What to do about unrecognized depression and anxiety in RA patients

By John Murphy, MDLinx
Published October 5, 2017

Key Takeaways

As many as 20% to 39% of patients with rheumatoid arthritis (RA) also have anxiety or depression, yet many patients avoid talking about mental health symptoms with their general practitioner. As a result, anxiety and depression may go unrecognized and untreated in many patients with RA, researchers described in a study in the British Journal of General Practice.

Participants in the qualitative study said that good communication with their GP and encouragement to attend follow-up would make discussing their psychological concerns much easier, noted lead author Annabelle Machin, MBChB, a GP and researcher at Keele University in Staffordshire, UK, who was funded by the UK’s National Institute for Health Research (NIHR).

For this study, Dr. Machin and colleagues recruited participants through a rheumatoid arthritis annual review for patients, performed at nurse-led clinics at two Staffordshire community hospitals. After patients were screened by questionnaire, the researchers interviewed those who scored high for anxiety and depression. They asked patients about their previous experiences of care, their understanding of anxiety and depression, and their preferences for the management of mood problems.

From these interviews, Dr. Machin and colleagues learned that some patients perceived their GP to prioritize physical health problems over mental health concerns. Lack of time and poor continuity of care appeared to confound this problem.

“Some patients normalized their mood problems as something expected with RA, though the patients I interviewed did not perceive their GP to do the same,” Dr. Machin said. Other participants described appointments with their GP as anxiety-provoking, which further discouraged them from seeking help for mental health problems.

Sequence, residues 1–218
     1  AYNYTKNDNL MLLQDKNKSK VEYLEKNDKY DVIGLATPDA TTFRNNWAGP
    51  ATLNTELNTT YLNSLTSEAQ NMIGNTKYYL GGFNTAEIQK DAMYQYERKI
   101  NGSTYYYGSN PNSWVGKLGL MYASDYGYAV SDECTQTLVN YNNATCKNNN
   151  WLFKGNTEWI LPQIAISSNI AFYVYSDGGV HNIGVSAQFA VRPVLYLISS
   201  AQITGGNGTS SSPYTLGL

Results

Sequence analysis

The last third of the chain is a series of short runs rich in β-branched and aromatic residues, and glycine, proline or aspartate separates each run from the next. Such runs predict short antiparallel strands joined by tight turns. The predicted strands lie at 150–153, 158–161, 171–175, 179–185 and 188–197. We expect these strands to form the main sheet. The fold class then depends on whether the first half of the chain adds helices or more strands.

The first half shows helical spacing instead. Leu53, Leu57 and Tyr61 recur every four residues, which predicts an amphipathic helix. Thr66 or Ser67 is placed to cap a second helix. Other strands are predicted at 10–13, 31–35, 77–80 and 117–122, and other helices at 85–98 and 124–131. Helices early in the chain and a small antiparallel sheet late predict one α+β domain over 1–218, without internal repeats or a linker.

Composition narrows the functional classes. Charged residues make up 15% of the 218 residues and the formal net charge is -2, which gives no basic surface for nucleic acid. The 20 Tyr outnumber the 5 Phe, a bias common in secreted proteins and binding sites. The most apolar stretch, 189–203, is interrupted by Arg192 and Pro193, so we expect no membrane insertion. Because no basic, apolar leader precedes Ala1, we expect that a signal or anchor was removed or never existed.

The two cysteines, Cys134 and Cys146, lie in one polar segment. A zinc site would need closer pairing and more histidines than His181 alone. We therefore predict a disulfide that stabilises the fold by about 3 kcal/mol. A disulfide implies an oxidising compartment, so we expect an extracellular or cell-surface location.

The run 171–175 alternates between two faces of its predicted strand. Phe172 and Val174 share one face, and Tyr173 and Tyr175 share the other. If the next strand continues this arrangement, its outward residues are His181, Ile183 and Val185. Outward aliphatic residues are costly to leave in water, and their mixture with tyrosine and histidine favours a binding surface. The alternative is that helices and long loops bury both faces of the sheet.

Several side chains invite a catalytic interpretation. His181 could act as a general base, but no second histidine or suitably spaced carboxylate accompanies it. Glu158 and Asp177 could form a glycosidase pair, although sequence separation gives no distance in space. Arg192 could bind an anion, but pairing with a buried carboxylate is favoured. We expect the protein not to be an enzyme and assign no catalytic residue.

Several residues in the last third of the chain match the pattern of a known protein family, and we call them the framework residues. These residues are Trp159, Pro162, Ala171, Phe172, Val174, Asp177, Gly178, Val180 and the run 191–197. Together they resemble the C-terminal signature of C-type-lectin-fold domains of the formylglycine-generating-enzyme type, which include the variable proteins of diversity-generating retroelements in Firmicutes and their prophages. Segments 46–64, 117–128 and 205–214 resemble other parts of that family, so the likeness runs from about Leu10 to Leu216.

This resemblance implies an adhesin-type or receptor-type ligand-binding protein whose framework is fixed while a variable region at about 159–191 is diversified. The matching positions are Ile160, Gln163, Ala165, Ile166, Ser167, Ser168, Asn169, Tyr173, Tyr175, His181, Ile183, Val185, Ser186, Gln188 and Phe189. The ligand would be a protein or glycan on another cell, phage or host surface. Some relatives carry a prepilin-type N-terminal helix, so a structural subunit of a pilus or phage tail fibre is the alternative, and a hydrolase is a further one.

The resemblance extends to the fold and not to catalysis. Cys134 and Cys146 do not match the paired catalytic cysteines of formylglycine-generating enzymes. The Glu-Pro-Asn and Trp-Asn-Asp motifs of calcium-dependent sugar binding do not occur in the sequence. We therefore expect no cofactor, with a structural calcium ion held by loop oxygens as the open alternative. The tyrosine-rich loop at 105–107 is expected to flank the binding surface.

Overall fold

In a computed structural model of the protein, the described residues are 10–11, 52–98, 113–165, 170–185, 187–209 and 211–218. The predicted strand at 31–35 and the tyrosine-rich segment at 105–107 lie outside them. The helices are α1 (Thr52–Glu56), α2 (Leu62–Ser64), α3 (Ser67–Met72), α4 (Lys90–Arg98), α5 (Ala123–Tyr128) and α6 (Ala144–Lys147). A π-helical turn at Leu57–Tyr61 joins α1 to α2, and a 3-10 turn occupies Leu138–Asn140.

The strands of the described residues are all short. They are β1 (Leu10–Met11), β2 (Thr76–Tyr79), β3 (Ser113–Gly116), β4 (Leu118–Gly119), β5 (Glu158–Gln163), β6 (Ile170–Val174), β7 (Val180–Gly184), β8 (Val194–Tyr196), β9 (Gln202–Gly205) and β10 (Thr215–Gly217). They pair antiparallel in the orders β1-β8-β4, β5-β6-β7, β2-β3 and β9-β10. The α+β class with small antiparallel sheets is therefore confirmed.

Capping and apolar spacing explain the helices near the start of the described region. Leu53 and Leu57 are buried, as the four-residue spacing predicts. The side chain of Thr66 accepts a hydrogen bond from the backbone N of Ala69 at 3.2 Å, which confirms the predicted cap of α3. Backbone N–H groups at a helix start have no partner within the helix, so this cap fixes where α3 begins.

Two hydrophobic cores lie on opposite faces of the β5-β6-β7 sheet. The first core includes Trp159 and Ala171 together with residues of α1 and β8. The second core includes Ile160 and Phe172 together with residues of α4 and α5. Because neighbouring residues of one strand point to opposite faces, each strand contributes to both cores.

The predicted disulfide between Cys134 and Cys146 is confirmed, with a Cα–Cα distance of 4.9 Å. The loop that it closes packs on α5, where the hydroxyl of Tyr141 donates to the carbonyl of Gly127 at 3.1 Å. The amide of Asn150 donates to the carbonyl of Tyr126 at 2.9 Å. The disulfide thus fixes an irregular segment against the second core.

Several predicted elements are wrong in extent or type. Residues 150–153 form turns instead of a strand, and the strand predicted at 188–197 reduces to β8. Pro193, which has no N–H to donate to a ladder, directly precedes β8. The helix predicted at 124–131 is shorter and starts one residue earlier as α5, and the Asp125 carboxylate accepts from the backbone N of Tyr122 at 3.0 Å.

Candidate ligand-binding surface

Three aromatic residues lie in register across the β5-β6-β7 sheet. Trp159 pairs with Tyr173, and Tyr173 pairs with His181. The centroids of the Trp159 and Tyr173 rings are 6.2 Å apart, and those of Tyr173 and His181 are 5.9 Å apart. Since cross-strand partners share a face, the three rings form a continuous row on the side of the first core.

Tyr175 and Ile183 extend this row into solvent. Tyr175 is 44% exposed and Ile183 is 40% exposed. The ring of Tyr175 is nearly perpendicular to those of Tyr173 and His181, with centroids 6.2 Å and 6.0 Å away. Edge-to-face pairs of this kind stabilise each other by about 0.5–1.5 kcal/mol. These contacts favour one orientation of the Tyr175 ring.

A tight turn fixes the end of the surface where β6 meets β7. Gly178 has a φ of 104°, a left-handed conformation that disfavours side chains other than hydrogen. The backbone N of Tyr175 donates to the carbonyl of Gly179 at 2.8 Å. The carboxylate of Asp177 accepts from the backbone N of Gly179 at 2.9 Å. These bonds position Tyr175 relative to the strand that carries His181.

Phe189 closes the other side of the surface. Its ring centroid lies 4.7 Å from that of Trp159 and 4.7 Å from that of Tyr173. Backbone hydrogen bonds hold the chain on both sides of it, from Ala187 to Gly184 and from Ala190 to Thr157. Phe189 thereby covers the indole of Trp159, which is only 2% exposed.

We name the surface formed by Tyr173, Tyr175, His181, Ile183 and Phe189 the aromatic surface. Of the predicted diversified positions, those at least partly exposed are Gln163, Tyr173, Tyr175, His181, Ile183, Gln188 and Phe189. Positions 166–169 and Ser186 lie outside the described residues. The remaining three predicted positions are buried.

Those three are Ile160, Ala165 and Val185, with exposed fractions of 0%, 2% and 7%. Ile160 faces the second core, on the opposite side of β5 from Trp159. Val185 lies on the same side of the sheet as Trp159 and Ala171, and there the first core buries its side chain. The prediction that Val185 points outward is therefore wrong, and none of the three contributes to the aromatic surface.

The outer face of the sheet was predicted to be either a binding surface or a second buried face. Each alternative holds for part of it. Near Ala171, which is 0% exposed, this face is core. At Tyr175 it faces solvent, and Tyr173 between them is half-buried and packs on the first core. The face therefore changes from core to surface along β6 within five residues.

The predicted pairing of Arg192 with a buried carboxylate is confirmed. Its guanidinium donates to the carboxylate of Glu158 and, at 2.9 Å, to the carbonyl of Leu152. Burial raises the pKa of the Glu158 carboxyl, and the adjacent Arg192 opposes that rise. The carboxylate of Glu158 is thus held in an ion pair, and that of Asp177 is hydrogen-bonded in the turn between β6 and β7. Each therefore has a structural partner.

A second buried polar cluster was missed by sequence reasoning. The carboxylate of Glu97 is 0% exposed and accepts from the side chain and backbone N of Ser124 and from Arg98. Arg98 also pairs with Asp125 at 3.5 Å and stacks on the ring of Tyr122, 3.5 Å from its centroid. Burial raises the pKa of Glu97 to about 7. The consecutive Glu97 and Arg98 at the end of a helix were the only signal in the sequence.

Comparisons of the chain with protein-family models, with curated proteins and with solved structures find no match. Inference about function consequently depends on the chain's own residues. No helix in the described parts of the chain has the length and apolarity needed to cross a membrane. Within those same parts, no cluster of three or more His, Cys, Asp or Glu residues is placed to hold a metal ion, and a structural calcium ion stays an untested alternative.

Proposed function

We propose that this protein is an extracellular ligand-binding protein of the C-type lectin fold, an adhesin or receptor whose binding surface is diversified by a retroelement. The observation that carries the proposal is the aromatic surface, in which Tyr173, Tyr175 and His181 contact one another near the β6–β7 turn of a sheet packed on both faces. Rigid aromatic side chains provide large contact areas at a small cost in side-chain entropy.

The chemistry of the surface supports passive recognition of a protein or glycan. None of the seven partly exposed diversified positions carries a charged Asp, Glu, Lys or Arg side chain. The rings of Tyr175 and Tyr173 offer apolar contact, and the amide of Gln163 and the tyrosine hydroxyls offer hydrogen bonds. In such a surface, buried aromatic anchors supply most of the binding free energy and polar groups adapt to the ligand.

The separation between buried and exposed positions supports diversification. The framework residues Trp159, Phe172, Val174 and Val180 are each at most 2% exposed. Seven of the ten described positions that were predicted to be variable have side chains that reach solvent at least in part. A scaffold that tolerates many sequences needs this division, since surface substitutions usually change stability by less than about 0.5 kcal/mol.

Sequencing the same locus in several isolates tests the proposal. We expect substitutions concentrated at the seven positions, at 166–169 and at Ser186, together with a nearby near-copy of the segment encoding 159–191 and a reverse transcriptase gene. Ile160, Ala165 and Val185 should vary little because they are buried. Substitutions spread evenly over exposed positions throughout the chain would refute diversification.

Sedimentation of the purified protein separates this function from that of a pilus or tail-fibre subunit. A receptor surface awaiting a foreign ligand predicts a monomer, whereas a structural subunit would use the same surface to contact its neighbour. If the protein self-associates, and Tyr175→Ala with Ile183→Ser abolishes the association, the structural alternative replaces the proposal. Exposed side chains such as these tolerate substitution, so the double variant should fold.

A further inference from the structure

Patients with severe anxiety and depression felt that mental health symptoms themselves could be a barrier to self-referral for psychological therapy, which suggests that a GP referral could improve access to care.

Regarding treatment for comorbid mood problems, patients often preferred the idea of talk therapy over medication. “I was surprised that some participants perceived antidepressants to be offered as a ‘quick fix’ by their GP. Others feared potential drug interactions with their existing medication, hence participants expressed an overall preference for psychological therapies,” Dr. Machin said.

Participants also had different perceptions about how their RA related to their mood problems. “Whilst several perceived RA-related pain to precipitate their anxiety and depression, others described flares of their RA being triggered by low mood or anxiety,” Dr. Machin described. “In contrast, some participants felt their mood problems were completely separate from their RA, often due to social circumstances.”

Although some patients recognized their arthritis was related to their mood problems, others only made this link when a clinician highlighted it. “Therefore, it is important that mood is explored as part of an annual review for RA patients,” Dr. Machin said.

Because patients accepted the case-finding questions in this study, perhaps a case-finding approach could improve the recognition of mood problems, she suggested.

“GPs need to give equal priority to mental and physical health problems to facilitate disclosure of distress,” Dr. Machin added. “Provision of time during individual appointments and encouragement to attend follow-up with the same GP to support continuity of care could be integral to the disclosure of mood concerns.”

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